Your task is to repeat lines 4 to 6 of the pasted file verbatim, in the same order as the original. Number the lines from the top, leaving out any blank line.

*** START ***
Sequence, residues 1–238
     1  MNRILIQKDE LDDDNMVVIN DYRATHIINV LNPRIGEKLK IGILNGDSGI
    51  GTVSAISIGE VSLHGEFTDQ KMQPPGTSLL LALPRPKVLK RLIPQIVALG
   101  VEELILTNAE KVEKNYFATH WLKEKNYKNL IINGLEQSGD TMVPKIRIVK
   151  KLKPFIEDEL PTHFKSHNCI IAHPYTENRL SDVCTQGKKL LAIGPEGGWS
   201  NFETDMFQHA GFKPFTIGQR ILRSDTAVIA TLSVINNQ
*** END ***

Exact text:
   101  VEELILTNAE KVEKNYFATH WLKEKNYKNL IINGLEQSGD TMVPKIRIVK
   151  KLKPFIEDEL PTHFKSHNCI IAHPYTENRL SDVCTQGKKL LAIGPEGGWS
   201  NFETDMFQHA GFKPFTIGQR ILRSDTAVIA TLSVINNQ